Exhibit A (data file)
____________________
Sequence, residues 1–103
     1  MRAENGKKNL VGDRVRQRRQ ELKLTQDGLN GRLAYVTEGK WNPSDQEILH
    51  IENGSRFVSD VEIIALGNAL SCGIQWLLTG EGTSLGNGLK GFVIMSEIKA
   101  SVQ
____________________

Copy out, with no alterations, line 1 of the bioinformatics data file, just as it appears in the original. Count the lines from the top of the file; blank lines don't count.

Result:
Sequence, residues 1–103